Today I am lucky to have guest Jon Thomason as part of the blog tour hosted by I Am a Reader, Not a Writer. Jon is the author of Max Xylander and the Island of Zumuruud, “a fast-paced fantasy adventure for all ages. Fans of magic, swordplay, secret agents, and conspiracies set in a modern everyday world will not be able to put the book down. Jon Thomason paints a vivid world of magic right under our noses and delivers rapid-fire action that keeps the pages turning.”
I’ve asked Jon why he chose to write fantasy, and what were his feelings about “magic systems.” His response certainly touches a chord with me. Read on—and stay tuned for the blog tour giveaway!
Hello Readers, my name is Jon Thomason and I’m the author of Max Xylander and the Island of Zumuruud.
I’d like to talk about fantasy writing today. Fantasy is one of the most fulfilling genres for a novelist to write because you are allowed, indeed expected, to really stretch your imagination and that of your readers. Most, but not all, fantasy books involve some use of magic. This is really great fun because even if set in the modern world, like Max, using magic carries the writer somewhere they haven’t been before.
In Max, we get the fun of watching Max (short for Maxine) discover that she can do magic and learn how to control it–with explosive results. As readers, we love stories that carry us away, and especially those where we can imagine doing something new.
You might say that this is all obvious. Indeed. But what might not be is why fantasy writers all come up with some “magic system,” or perhaps seemingly arbitrary rules for how “their” magic works. In my opinion, it’s poorly written fantasy that changes the rules or introduces new ones as plot devices midway or later through the book. It’s jarring and can make you drop your “suspension of disbelief.” But still, why the systems? The answer lies in how stories, or in other words, book plotting, works.
Let’s look at a very classic example. Most western literature written about genies has them giving the discoverer only three wishes. The genie is essentially infinitely powerful (usually a no-no), but the system is that only three, carefully worded, wishes are allowed. The bound on the wishes is a critical plot device. Otherwise, the power is infinite, and with infinite power, there can be no conflict, and hence, no story.
More fantasy magic systems impose limits on the magician to allow for a story. Again, infinite power equals no story, so we have to avoid that. Many magic systems have the use of magic taking a toll on the magician. Some have casting a spell reducing the lifespan of the caster, while others exhaust the caster to limit the number of successive spells. The magic itself is often far from invincible. The magician may be forced to memorize long spells, whose books may cost a great deal of money or be found only via a difficult quest. The magic itself may be quite limited in effect or may even backfire.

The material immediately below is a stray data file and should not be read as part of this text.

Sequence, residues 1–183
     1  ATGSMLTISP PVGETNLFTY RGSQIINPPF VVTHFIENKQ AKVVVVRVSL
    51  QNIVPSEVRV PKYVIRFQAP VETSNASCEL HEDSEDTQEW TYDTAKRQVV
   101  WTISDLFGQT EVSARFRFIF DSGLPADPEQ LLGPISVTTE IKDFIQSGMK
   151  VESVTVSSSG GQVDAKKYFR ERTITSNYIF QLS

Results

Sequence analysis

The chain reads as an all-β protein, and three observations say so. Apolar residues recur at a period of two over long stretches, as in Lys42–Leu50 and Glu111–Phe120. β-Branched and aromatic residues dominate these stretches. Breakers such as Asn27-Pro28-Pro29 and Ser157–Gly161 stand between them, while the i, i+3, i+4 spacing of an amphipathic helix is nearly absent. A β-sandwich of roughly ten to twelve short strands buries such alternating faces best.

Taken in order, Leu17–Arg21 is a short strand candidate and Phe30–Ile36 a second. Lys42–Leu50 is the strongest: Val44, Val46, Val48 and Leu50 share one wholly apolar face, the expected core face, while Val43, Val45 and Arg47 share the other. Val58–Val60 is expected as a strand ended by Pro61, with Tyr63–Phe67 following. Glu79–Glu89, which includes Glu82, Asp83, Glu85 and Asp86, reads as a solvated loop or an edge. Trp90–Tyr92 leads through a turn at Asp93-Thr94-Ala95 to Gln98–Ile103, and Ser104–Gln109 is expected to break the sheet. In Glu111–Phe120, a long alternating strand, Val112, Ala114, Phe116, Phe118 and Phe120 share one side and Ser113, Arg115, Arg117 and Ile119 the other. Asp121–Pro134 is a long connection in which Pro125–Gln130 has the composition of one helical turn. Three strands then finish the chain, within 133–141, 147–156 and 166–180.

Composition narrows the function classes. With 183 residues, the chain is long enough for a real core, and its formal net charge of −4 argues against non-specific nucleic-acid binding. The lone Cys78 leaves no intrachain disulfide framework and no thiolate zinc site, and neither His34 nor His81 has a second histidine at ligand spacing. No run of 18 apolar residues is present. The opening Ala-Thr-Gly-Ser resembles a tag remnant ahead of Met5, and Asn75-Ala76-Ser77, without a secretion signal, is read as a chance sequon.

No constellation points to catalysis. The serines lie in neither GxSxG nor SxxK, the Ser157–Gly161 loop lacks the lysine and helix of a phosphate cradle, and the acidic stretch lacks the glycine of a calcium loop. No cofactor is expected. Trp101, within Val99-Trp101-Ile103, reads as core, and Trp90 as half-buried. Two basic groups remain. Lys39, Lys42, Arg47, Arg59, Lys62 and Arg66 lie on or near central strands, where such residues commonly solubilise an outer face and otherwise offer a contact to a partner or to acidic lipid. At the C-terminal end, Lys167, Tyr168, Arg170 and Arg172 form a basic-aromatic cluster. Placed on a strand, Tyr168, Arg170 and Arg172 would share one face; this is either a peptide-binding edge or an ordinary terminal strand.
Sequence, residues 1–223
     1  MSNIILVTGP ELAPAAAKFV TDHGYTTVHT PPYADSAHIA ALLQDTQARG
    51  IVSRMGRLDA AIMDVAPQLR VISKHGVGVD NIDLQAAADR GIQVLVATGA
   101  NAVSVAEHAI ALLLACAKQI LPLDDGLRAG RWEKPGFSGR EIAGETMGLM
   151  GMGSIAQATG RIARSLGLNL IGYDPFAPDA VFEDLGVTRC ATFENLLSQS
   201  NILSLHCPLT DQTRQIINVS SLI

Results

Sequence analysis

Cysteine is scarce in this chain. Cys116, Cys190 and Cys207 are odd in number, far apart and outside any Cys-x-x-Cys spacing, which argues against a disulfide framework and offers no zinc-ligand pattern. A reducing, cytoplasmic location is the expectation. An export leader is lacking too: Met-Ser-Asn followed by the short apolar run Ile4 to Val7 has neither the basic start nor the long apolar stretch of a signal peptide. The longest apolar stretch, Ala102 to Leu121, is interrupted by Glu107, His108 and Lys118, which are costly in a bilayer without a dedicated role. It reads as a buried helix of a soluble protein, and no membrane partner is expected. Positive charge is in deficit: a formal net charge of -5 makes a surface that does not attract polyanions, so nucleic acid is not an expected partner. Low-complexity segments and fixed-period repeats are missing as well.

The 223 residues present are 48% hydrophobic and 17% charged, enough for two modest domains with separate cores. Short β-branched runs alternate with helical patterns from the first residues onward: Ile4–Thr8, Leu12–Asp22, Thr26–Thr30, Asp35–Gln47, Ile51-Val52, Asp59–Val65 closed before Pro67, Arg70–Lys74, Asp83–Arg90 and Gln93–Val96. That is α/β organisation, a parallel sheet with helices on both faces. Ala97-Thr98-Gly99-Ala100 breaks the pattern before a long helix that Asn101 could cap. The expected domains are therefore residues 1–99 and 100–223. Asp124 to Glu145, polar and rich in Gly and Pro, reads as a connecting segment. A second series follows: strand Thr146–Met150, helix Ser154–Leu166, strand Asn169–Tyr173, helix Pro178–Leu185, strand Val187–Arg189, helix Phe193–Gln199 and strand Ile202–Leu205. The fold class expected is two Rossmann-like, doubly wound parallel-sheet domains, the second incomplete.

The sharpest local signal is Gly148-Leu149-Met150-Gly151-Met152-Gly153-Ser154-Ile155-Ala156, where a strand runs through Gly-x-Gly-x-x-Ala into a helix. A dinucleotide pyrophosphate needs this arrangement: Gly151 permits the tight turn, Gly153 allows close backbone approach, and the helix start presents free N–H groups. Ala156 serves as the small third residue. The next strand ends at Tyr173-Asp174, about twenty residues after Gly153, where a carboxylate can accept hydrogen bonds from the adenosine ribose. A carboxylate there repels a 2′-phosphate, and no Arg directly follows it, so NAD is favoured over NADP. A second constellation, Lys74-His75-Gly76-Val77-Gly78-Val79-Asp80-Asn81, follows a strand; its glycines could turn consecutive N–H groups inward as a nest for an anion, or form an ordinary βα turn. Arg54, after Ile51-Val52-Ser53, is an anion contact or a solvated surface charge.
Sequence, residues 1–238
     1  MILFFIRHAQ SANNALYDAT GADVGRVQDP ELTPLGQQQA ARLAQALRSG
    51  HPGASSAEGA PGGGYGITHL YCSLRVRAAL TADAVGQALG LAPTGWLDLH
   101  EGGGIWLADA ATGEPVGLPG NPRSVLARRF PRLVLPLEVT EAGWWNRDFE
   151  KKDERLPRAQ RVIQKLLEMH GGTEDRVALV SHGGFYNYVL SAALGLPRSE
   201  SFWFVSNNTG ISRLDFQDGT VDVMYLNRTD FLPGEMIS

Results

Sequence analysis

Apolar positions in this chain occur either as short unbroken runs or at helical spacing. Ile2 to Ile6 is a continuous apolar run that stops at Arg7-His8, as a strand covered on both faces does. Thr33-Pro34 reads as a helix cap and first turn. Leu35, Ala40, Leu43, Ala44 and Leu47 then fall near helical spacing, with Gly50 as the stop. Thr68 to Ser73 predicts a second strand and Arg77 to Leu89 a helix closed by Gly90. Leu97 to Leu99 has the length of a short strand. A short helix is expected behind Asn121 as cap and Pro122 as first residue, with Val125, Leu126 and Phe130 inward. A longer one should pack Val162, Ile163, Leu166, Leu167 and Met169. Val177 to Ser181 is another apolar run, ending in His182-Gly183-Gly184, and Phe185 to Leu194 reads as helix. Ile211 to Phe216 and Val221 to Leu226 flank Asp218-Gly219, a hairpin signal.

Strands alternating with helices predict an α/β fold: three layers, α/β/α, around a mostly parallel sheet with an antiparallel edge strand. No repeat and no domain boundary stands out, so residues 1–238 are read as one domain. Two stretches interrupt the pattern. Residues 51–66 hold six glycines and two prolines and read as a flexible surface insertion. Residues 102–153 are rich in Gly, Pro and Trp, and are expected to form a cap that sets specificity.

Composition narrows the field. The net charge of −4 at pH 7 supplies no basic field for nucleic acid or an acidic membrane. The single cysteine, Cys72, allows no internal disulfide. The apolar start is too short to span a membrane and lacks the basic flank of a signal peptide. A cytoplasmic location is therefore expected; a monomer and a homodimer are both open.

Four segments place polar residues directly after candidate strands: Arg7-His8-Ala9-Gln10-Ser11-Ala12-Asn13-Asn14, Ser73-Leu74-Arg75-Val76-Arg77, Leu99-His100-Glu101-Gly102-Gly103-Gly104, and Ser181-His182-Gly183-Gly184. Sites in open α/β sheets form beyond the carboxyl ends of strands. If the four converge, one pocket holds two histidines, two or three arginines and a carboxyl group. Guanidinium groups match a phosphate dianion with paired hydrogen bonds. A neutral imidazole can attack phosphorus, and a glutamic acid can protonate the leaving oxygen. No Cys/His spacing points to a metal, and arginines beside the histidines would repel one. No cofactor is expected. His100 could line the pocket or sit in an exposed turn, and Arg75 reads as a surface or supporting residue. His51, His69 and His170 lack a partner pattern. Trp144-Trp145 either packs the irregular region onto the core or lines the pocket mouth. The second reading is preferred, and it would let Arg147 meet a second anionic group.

The worst magic systems are when the limits are transparently plot devices and feel arbitrary to the reader. Even worse is when the rules change “conveniently” to enable something specific to happen in the plot.
Most rewarding is when we learn alongside the magician character and feel what it would be like to be doing magic in the character’s place. It’s particularly fun when some method of using the power is learned early on and becomes key to the ultimate conclusion of the story. “Why didn’t I think of that?” (fully realizing that you could have thought of it) is success. Feeling cheated because the a rule of the universe was broken to resolve the story is horrible.
Magic systems need to feel like immutable laws of physics–a new physics that we learn from reading.
Thanks for reading, and I encourage you to read Max Xylander and the Island of Zumuruud. Let me know @jonthomason on Twitter if you like the magic system in Max and if I was able to keep the spirit of my own rules!
Max Xylander and the Island of Zumuruud
Max has anger management issues. But she has a dangerous secret, too. She can make things happen. Like magic. She almost killed a kid and nearly used it on her stuck up older sister. Can she learn to do anything other than blow things up? And is it really possible that a teenage girl is the key to keeping humanity safe?
Philip just got his ring back. He got it taken away for messing with his teacher’s mind to cheat on a test. Now that he has his ring, he thinks he should be able to use his power to make his life better. But people want him to be responsible. But if you could do magic, wouldn’t you use it to escape work?
Aaron wants to be a soldier. Lots of people would try to take over, and he’s determined to stop them. The problem is that there’s this new girl who might be not be on the right side of things. She’s really talented and pretty, but she might be able to destroy everything. Whatever happens, he needs to be world class with his magic sword while figuring it out.
Brynn never gets out. Her grandfather won’t permit it. Her access to the outside world is magazines, so she has unusual ideas about what to wear. She’s dying to travel. And adopt animals. Is she a lonely future cat granny or are her clothes the next fashion craze?
Jon Thomason lives with his family in San Diego, after many years living in the beautiful Seattle area.
He has a successful career in high tech where he’s been fortunate enough to participate in many big-name industry releases. Storytelling permeates everything he does. In the moments when Jon is not helping build the story of the tech world, he can almost always be found working on a project: writing, photography, videography, graphics design, or 3D art.
And he’s always careful to conceal his jinni magic abilities, though perhaps might slip one day and be discovered…